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Improving Breathing | clinical somatic education technique Lawrence Gold

July 10, 2015

This video clip shows a clinical somatic education procedure for freeing rib movements by gaining control of the intercostal (between-the-ribs) muscles.

Somatic education exercises to free breathing exist on this page:

To avail yourself of the procedure shown in this clip, visit

How do we sort out different patterns of restricted breathing and how can we correct them?

In general, breathing is an effortless affair. Effort and problems appear as people get conditioned into states of chronic tension accompanied with a loss of sensory awareness of the feelings of breathing (sensory-motor amnesia, or SMA).

The problem of breathing difficulty usually comes from arrested (or restricted) movements of breathing and usually from incomplete exhalation. The muscles involved — the diaphragm, the abdominal muscles, and the muscles that move the ribs (including the scalenes of the neck) — hold residual tension. As a result, people either exhale incompletely or inhale incompletely.

People who exhale incompletely may have a habitually-expanded chest; a big, rounded or hanging belly, high shoulders, and a shortened neck. The belly comes from a diaphragm that, being always partially contracted, pushes the abdominal contents down and out of their normal position; the high shoulders come from contracted scalenes lifting the upper ribs in a chronic attempt to get more air into the upper volume of the lungs. The person may also feel chronically tired or sore in the ribs.

People who inhale incompletely may have a hard, flat belly and ribs that are down and flattened in front. This flattening across the front comes from tight (1) abdominal and (2) intercostal muscles. These muscles, when chronically tight, (1) prevent the diaphragm from flattening and pulling air into the lungs and (2) reduce chest volume. (The dome-shaped diaphragm functions like a piston. When it contracts, the dome flattens and pulls away from the area inside the chest, sucking air in. It also lifts the ribs, something like the way a Can-Can dancer lifts her skirt.)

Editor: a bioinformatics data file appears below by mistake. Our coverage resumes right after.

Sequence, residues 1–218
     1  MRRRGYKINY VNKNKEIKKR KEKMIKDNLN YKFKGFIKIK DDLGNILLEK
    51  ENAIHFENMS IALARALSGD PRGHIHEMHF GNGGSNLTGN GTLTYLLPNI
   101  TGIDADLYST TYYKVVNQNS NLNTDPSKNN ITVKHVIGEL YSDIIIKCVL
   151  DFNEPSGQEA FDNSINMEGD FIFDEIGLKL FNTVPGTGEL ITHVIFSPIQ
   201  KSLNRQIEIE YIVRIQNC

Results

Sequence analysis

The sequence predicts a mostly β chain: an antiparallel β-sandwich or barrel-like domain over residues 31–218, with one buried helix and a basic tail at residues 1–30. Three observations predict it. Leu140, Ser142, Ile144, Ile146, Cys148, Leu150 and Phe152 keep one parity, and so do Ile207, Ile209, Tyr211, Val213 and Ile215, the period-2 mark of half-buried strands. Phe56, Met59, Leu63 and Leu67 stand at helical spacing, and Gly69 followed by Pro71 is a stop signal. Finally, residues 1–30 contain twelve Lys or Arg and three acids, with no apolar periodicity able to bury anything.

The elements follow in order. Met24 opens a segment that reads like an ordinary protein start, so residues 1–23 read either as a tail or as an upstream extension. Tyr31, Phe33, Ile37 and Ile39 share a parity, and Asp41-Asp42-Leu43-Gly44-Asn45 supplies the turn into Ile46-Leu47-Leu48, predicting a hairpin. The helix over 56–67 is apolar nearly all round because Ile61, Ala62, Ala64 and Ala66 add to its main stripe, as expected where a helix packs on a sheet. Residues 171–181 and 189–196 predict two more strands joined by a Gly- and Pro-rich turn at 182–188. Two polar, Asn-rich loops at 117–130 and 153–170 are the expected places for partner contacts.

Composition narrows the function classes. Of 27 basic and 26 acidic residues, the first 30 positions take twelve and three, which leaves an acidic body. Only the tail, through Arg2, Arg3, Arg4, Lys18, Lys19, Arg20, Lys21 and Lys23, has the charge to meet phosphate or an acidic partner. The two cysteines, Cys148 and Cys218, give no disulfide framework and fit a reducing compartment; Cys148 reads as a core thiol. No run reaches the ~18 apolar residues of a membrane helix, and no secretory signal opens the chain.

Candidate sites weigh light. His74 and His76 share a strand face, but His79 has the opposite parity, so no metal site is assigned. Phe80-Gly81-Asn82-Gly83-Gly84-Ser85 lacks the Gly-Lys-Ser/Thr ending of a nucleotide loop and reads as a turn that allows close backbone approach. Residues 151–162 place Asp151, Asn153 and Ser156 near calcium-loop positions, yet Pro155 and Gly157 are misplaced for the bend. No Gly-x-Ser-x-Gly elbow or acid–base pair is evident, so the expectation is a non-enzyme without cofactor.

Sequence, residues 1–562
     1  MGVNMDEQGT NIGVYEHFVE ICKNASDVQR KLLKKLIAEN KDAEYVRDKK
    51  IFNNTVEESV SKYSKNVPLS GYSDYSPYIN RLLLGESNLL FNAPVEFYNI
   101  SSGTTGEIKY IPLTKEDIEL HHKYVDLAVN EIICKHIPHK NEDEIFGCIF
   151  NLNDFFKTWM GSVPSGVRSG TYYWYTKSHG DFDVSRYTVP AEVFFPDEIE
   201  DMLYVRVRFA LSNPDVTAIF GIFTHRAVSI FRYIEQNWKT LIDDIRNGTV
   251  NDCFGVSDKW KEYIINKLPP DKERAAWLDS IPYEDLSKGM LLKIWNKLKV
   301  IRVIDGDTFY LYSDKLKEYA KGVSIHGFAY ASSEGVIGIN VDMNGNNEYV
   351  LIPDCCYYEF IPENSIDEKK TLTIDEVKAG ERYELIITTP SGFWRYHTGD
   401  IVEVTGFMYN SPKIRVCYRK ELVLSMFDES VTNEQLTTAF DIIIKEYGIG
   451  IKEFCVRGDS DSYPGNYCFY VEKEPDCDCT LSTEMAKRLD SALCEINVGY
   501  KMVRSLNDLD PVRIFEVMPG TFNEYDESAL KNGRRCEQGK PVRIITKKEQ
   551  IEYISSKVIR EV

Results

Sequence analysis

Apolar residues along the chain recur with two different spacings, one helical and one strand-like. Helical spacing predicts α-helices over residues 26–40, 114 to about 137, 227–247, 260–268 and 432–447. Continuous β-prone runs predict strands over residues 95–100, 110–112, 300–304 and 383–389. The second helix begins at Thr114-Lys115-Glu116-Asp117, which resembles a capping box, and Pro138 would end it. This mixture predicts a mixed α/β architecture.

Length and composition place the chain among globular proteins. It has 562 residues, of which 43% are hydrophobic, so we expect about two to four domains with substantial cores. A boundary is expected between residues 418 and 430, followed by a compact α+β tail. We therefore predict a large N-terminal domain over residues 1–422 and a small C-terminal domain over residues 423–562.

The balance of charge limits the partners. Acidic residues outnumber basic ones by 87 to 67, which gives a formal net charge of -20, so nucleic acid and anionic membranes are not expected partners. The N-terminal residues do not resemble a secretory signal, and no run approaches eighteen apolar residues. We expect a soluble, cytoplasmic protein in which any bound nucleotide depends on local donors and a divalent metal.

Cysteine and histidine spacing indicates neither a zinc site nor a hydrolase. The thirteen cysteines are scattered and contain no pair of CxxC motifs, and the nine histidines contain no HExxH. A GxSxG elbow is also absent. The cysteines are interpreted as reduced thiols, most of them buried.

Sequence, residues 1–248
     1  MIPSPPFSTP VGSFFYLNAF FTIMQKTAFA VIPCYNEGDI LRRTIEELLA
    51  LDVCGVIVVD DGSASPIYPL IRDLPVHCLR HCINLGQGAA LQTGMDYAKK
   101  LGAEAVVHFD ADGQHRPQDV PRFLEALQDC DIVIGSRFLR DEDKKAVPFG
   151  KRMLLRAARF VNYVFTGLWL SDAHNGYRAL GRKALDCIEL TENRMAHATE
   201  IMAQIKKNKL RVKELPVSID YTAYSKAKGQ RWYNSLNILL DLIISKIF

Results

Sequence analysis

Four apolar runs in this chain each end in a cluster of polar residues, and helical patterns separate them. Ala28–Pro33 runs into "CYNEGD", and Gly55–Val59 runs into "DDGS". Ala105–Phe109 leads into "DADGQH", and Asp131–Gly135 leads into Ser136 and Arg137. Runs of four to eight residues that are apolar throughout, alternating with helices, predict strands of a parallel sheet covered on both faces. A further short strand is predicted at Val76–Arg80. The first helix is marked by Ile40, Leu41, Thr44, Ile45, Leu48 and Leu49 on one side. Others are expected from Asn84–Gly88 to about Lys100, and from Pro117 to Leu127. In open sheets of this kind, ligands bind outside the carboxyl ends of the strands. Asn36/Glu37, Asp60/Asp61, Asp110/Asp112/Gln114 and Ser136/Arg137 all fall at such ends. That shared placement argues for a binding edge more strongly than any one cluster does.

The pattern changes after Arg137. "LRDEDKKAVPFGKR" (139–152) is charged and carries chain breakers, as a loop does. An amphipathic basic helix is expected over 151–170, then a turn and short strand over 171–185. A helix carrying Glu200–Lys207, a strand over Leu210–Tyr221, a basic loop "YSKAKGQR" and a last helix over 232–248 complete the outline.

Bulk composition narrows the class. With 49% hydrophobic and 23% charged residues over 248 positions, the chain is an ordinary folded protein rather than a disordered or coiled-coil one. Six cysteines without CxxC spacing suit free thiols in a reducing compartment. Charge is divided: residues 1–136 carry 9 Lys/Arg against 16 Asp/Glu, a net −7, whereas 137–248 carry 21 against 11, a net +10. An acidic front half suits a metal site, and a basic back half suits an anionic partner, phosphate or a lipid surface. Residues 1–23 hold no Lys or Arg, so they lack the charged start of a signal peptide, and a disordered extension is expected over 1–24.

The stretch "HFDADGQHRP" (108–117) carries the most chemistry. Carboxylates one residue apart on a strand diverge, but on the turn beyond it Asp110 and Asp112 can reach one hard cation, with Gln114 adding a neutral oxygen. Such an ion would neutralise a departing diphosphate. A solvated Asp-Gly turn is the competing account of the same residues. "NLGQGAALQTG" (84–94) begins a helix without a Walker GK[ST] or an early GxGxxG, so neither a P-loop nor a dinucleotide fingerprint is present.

Tight shoulders encase the ribs and restrict breathing. Tight muscles of the shoulder girdle, attached to the rib cage, pull upon the ribs. Before the intercostals can function freely, the ribs must be free of the shoulder girdle.

The general reaction/movement patterns that underlie these patterns of tension are discussed in detail in “Clinical Somatic Education — A New Discipline in the Field of Health Care” by Thomas Hanna.

Closer observation may reveal that in breathing, certain ribs move more than others. Areas over less mobile ribs often feel ticklish or sore. Such areas deserve special attention.

To get your client to relax their neck, especially their scalenes, can also make a big difference in breathing.


The intercostals do more than mechanically move the ribs in breathing; they also create the sensations of emotion and attitude. Their patterns of contraction create these familiar feelings.

When the intercostals contract the ribs in chronic sorrow, for example, we may find asthma. They may also chronically expand the ribs, in the posture of boistrousness and self-aggrandizement (“puffing oneself up”) — a possible compensation for feelings of inferiority or fear (which coincide with a contracted rib cage). The following sequences address both conditions.

In general, Hanna Somatic Education Practitioners do a special Breathing lesson only after they have done lessons that address the major contraction patterns of stress and injury.


1. Free the diaphragm.
2. Free the shoulders from the ribs.
3. Free the ribs from each other (intercostals)
4. Integrate rib and shoulder movements.
5. Free the upper ribs from the neck (scalenes).

Other, substantially more sophisticated maneuvers that evolved out of this approach generate the other changes called for in the sequence listed at the start of the instructional section of this article.

Improving Breathing | clinical somatic education technique

Clinical Somatic Education | a New Discipline in the Field of Health Care